Although Campbell was clearly unaware of the reasons why few teachers can explain, and still fewer scholars understand, the purport of the numerous books which they thus learn to repeat from memory, or why it is to the pronunciation of the syllables, not to the meaning or construction of the words, that students attended to, to him goes the credit of at least identifying that such was the pitiable nature of language instruction. While Campbell points out that students spent their youth in reading syllables, not words, he does not enquire into the reasons why it was so. Let me paraphrase what Campbell saw, for brevity: He basically saw that students spent most of their youth in reading syllables and "perfecting" their pronunciation. He saw that they were committing many, many verses to memory, but were unable to understand what those verses meant. In fact, even the teachers were unable to understand what they meant - although it was all supposed to be Kannada!
And what makes Campbell's observation all the more relevant is that the exact same flaw exists in the Kannada-medium education system today, although we have moved from verse to prose.
Today, we know why the status of education in Kannada (and Telugu, but I leave it to the speakers of that language) schools was as pitiable as Campbell describes. But many deny the science on whose basis we know why it was so, and their my-country-right-or-wrong attitude, mixed with the age-old bias that everything any Britisher ever said is racist, even prevents them from acknowledging that it was so, let alone understand why it was so. Because these people decide the content provided through the Kannada-medium education system even today, the Kannada medium education system continues to be a system where students spend their youth in reading syllables, not words and few teachers can explain, and still fewer scholars understand, the purport of the numerous books which they thus learn to repeat from memory.
The science on whose basis we know why Campbell saw what he saw, and why the same can be seen in Kannada-medium schools today, is linguistics. Of course, I could also argue that the lack of appreciation for diversity, and the urge to neglect or even look down upon it, is by itself an important reason. This latter reason can prevent many from recognizing that the problem existed or exists today. It is not the objective of this article or within my field of expertise to go into the details of Kannada linguistics here, but I will give a summary of what I have learnt from the great linguist Dr. D. N. Shankar Bhat who has devoted a good portion of his life for solving some age-old problems in Kannada linguistics - problems which date back to thousands of years ago. We at Banavasi Balaga are fortunate to be working very closely with Dr. Bhat in some of his recent research, and learning from him things which have been obscured from the knowledge of Kannadigas for thousands of years.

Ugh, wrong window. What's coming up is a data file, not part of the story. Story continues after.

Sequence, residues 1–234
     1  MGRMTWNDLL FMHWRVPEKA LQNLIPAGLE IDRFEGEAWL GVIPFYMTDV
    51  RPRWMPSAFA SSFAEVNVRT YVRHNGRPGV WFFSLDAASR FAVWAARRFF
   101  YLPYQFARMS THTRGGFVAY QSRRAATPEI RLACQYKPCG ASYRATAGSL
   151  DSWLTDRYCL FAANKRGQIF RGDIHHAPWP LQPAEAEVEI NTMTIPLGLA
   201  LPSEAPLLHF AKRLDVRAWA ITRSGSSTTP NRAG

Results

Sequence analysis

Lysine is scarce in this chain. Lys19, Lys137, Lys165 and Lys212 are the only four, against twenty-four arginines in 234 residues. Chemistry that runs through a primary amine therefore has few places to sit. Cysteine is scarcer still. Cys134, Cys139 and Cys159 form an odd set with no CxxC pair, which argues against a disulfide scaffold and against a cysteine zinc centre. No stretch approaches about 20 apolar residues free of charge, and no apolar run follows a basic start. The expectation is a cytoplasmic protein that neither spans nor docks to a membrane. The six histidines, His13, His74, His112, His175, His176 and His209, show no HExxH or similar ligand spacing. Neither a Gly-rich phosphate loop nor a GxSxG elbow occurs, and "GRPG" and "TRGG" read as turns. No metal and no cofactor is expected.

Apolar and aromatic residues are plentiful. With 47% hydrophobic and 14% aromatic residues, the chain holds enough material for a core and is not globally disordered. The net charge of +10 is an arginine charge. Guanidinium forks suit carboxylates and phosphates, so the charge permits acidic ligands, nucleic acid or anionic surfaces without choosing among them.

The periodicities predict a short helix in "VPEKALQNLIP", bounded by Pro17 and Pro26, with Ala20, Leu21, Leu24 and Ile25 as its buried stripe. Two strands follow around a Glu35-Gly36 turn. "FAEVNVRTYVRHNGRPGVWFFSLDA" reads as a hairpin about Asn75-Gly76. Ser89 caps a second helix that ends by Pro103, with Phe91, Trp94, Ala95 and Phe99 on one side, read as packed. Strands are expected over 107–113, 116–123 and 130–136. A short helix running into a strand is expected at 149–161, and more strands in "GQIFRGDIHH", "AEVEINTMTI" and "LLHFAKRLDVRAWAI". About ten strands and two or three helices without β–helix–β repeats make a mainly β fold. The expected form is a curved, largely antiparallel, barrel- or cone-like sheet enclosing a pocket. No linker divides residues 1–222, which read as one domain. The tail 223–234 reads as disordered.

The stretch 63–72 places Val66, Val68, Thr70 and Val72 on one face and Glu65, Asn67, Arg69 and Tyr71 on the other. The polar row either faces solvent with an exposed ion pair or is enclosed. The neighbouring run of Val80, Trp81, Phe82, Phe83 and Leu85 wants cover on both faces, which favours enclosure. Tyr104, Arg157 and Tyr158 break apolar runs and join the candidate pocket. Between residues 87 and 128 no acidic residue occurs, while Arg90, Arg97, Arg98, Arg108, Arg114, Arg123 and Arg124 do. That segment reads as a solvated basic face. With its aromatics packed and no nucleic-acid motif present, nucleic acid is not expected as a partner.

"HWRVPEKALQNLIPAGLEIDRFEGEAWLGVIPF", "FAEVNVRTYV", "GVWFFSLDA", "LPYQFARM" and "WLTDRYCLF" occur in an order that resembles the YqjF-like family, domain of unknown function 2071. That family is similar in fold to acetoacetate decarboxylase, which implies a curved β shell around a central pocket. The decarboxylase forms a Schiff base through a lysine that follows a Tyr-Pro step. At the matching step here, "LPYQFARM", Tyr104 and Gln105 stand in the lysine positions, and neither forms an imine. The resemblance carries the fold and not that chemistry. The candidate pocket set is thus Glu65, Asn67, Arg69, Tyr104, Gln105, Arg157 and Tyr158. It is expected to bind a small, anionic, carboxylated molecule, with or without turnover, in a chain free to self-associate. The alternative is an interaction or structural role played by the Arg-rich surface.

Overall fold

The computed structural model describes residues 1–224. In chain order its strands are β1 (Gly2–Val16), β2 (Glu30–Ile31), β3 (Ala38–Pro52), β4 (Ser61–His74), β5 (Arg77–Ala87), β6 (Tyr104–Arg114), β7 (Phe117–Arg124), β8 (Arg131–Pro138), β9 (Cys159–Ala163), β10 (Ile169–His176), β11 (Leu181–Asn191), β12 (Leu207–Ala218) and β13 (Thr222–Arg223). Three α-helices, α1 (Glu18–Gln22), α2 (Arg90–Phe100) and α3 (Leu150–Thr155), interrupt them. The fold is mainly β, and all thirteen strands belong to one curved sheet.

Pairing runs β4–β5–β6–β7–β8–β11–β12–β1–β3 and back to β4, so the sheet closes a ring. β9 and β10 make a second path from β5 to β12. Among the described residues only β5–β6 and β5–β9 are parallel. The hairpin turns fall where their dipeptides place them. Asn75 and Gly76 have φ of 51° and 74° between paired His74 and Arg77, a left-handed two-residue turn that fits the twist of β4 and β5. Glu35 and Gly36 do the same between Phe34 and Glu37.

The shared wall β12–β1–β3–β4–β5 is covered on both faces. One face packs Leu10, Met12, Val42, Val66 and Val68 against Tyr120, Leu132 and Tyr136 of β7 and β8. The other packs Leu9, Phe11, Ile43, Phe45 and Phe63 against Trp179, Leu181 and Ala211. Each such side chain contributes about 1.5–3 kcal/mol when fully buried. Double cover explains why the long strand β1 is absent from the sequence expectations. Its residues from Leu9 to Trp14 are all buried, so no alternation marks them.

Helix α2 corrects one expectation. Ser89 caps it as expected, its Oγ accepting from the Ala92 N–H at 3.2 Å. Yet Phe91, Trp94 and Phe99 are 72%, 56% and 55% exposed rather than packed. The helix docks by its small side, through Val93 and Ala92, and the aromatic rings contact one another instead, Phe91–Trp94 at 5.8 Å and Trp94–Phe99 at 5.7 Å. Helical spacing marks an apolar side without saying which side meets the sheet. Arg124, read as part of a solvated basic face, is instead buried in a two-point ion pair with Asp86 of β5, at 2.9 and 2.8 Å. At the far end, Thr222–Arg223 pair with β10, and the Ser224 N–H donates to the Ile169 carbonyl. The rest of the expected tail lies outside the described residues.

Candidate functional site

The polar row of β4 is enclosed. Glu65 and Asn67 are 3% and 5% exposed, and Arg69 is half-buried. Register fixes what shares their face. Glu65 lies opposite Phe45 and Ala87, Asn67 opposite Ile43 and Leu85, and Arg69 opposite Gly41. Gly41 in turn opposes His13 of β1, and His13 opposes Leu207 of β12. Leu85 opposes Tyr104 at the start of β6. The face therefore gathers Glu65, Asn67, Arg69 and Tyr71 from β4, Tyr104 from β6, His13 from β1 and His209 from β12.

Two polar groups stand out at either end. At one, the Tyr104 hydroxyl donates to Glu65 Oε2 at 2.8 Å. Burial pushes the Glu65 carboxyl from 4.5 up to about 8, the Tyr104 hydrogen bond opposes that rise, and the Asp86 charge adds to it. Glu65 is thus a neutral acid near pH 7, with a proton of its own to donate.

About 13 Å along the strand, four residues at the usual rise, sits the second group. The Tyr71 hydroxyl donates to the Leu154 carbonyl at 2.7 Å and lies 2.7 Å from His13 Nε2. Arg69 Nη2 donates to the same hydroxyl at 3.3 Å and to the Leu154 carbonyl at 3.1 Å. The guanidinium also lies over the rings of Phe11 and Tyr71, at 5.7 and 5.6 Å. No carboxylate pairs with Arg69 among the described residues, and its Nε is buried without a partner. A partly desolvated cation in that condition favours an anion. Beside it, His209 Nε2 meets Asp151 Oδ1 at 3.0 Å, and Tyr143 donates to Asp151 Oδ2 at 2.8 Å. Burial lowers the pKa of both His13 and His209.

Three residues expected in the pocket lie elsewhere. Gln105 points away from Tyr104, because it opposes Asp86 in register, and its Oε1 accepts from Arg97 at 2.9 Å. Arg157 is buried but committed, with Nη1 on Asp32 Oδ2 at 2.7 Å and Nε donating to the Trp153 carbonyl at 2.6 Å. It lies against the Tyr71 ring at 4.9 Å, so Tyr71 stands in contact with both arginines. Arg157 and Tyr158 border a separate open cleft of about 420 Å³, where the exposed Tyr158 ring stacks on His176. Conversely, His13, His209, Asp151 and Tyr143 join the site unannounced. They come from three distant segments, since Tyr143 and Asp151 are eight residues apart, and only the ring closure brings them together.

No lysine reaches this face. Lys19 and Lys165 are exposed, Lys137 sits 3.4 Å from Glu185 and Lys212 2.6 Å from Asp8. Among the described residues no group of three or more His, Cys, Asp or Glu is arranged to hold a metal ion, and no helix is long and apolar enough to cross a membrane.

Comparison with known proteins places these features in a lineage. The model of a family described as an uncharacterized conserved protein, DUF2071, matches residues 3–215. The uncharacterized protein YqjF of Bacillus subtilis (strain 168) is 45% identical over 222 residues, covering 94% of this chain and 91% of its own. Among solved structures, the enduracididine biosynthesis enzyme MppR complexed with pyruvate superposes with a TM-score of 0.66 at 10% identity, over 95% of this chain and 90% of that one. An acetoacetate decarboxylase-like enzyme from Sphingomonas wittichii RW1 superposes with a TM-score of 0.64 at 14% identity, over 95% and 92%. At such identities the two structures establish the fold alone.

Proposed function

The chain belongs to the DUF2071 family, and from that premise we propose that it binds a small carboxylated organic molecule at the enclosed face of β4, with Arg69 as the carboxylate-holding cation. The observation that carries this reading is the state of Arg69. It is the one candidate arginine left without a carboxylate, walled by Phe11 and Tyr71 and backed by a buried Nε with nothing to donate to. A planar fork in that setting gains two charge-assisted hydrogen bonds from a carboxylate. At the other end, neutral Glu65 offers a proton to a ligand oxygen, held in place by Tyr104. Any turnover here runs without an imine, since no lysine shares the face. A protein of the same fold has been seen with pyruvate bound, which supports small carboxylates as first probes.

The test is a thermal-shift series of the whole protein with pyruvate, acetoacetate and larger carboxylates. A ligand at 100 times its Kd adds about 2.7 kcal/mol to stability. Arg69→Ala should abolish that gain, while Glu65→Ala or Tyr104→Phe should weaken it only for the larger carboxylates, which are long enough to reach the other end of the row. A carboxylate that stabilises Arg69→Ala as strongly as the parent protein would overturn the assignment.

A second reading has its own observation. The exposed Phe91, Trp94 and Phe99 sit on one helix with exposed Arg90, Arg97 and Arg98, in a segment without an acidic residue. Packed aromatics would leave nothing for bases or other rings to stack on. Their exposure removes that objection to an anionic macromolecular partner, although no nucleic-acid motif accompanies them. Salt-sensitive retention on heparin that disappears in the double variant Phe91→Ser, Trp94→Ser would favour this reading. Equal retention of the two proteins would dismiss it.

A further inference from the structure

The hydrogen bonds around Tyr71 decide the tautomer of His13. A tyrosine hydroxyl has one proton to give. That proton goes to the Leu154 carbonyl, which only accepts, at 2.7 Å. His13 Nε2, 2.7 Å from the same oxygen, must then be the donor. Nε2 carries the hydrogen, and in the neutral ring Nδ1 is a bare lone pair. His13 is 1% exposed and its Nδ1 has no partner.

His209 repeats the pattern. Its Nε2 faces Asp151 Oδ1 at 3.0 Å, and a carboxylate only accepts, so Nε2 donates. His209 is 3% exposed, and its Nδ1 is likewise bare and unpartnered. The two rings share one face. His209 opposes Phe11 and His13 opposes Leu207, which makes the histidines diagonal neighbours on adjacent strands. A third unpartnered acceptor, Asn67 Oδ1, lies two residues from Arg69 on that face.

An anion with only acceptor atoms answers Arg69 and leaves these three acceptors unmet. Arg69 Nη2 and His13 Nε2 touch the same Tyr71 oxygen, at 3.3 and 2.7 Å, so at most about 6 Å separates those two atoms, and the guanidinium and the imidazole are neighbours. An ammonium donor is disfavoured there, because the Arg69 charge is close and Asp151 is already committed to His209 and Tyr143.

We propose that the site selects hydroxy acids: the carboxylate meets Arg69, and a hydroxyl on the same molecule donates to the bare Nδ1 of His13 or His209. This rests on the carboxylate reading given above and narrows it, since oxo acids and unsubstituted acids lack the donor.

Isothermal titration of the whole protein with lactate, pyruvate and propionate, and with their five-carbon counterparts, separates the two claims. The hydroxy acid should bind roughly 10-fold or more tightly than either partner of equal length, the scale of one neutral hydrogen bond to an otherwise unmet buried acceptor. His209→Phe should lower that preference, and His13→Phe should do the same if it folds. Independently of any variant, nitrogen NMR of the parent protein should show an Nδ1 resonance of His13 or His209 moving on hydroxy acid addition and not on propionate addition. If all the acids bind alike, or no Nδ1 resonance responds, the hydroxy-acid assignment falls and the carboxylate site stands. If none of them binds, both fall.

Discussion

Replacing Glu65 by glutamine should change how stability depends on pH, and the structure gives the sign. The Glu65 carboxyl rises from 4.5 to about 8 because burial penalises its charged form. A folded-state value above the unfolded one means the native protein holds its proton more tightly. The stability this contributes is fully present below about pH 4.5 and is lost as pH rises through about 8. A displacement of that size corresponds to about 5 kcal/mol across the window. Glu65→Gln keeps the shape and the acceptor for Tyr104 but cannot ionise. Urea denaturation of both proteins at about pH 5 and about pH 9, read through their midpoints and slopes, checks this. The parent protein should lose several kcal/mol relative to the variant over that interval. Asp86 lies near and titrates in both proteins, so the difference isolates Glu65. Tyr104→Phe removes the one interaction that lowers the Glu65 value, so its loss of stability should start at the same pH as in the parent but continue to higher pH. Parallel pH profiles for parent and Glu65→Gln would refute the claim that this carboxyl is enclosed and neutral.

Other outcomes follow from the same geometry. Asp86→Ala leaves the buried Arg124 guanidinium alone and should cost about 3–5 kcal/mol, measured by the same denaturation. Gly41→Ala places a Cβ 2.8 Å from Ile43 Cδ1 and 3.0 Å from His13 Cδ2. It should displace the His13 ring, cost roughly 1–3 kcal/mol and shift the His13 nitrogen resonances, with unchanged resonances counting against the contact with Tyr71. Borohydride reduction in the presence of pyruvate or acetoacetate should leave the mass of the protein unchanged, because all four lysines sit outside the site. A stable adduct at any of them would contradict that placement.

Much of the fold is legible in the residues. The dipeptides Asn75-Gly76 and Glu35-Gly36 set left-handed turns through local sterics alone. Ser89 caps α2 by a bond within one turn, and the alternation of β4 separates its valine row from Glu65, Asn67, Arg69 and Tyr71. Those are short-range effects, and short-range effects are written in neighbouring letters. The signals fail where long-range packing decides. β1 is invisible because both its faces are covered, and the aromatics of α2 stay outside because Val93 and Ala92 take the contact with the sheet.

To summarize the message of Kannada linguistics which lends credibility to Campbell's subjective statements, and explain the low quality of Kannada-medium textbook content even to this day, then, it is this: Kannada is a language which is very unlike Sanskrit. Yet, Sanskrit had a very dominant influence on Kannada, its alphabet, and unfortunately also on those who wrote Kannada grammar. And of course, as already pointed out, this was the language to be used in high-schools for Kannadigas anyway. While Kannada grammar in reality is very, very different from that of Sanskrit, even to this day, the former is taught to be a subset of the latter. Many alphabets in the Kannada language, even to this day, are not needed by Kannada and have been introduced in order to write Sanskrit words as they are written in Devanagari. Also, Sanskrit words have been a little too profusely used in Kannada literature (especially in religious literature), however difficult they may be for Kannadigas to pronounce them (for e.g. the maha-pranas). It was considered as a defect of the Kannadiga tongue to be unable to pronounce Sanskrit words by schools then and is considered by schools now. Thus, the unscientific overabundance of the influence of Sanskrit in the alphabet, words, as well as in the grammar of Kannada had rendered the Kannada taught by schools then to be unintelligible to Kannadigas themselves (as Campbell observes). Thus, the use of Sanskrit where un-necessary had rendered the Kannada taught in the schools before the British unintelligible to Kannadigas themselves. And instead of reforming the education system, the schools seemed to have deemed the students too stupid to be able to pronounce Kannada, their own language.
The pity is, of course, that this is the status even today - nearly 200 years after Campbell wrote his letter to Munro.
And yes, we at Banavasi Balaga are devoted to removing this flaw from the Kannada education system. Coming back to Tooley's book, I'd like to end this series by saying that the second flaw - of highly unscientific methods in language education and in the medium of instruction - rendered the indigenous education system of Kannadigas before the British ugly. The tree, as far as I can see it, was ugly and not beautiful, and continues to be ugly even to this date due to this second flaw. The good news is - as long as one is committed to work towards transforming the status quo by approaching it with a scientific outlook - something which has been missing from the ages in the field of Kannada linguistics and Kannada-medium education - the future is bright.
<< Part 3